Between high inflation, the threat of a global recession and ongoing supply chain issues, the holidays are starting earlier than usual. Amazon.com is having an early-October pre-Black Friday event they’re calling a “Prime Day Early Access sale.” And while we may not be hearing Christmas carols in the aisles of stores yet, Home Depot is already pushing Christmas-themed decorations in their lawn and garden sections..
An early start to the holidays means an early start to the scams targeting shoppers and retailers alike. Here are seven tips to keep your finances safe during the holiday season.
- Avoid deals that are too good to be true: Although many retailers and e-commerce sites typically offer discounts during holiday sales, be skeptical of shockingly low prices. In economically turbulent times, no one sitting on a pile of Nintendo Switches is going to try to offload them at half price. If a deal looks too good to be true, it is.
- Spot fake e-commerce site like a cybersecurity pro: It’s easy for scammers to create e-commerce sites or clone existing ones. You may end up buying a cheap knock-off of whatever you were shopping for, or unwittingly supply a thief with your login or credit card information. Double check the domain name of the sites you visit (Amazoon.co, Googlle.com etc), and comparison shop at reputable online marketplace vendors (eBay, Etsy, Amazon Marketplace, among others).
- Don’t use public WiFi: Looking for price comparisons while shopping for gifts is smart, but using public WiFi isn’t; your session can be intercepted by a man-in-the-middle attack. If you’re going to use public WiFi, use a trusted and well-reviewed VPN to make sure your data is protected in transit.
- Don’t click delivery notification links: Expecting multiple deliveries at your doorstep creates an ideal environment for SMiShing attacks (phishing through text messages). If you’re looking for the status of a package, go to the website of the delivery service rather than clicking a link on your phone; it could be a phishing link meant to download malware or steal your data.
- Don’t reuse your “easy” password when checking out at a new site: Most of us have a go-to password that we can easily remember that we use across multiple sites. None of us should. By reusing the same passwords across multiple sites, you’re effectively providing cybercriminals with a skeleton key to the accounts where you’ve used it, and potentially your payment information. Consider investing in a password manager rather than using a weak or compromised password. While you’re at it, check your “go-to” password on HaveIBeenPwned.com and check to see how many of your accounts have been compromised.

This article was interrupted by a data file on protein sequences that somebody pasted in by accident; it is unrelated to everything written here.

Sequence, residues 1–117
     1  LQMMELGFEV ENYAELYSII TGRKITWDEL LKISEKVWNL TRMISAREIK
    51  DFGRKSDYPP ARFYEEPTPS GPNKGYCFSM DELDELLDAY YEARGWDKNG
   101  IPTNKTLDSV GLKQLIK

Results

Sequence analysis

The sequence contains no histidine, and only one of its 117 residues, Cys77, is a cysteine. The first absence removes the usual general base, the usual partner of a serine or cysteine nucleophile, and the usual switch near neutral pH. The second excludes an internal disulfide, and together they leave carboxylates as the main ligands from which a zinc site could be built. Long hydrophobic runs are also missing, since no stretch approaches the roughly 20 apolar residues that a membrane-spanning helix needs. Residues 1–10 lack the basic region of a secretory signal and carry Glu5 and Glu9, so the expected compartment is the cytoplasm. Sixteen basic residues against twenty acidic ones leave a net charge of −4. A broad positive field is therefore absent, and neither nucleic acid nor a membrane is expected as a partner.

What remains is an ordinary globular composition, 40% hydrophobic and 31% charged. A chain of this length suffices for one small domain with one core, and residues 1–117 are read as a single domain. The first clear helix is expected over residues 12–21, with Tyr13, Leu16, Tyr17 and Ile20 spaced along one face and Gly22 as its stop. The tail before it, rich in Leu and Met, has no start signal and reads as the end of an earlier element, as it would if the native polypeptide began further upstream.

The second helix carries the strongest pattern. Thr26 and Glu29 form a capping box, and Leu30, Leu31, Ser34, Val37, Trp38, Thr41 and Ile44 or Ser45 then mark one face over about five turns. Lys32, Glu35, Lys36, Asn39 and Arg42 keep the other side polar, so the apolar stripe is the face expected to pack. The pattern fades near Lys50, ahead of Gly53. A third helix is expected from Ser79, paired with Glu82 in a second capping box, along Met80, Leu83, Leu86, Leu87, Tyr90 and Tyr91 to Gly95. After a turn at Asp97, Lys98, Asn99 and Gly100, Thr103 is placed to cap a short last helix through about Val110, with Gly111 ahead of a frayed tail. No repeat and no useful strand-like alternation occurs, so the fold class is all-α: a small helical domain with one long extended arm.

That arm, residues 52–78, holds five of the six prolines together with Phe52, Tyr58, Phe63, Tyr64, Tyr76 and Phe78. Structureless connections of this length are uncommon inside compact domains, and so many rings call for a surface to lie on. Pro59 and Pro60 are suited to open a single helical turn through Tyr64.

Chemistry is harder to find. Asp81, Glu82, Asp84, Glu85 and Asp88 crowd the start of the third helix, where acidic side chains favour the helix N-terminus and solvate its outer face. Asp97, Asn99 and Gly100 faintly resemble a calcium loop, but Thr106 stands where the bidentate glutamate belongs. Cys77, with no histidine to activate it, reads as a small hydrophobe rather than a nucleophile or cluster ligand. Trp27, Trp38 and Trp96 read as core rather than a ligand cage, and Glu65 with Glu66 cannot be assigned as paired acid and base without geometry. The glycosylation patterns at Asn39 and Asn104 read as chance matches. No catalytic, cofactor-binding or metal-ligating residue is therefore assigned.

- Look for the padlock: SSL-encrypted websites have become the norm online, but not everyone uses this technology. Any website URL that doesn’t have a padlock next to it means your credit card number, personal data and login credentials can be intercepted by a third party.
- Monitor your accounts: Scammers may try to charge phony transactions during the holiday season. Check your bank and credit accounts daily to make sure you recognize all the charges, and if you discover that someone is siphoning funds, report it right away and file a police report.
- Use a credit card: Credit cards often offer more protection against fraudulent charges than debit cards. Recovering money stolen from a bank account can be an involved process. When your debit card is compromised, your money is on the line. If your credit card is compromised, it’s the credit card company’s money.
- Set up transaction alerts on all your credit card accounts to automatically contact you the moment a suspicious charge is billed to you.
The holidays are starting early this year because retailers are concerned about the effect of inflation on sales they count on to make ends meet, but scammers go where the money is, and they don’t care if you can’t make ends meet. As ever, you are your best defense against the many ways threat actors target consumers during the holiday season.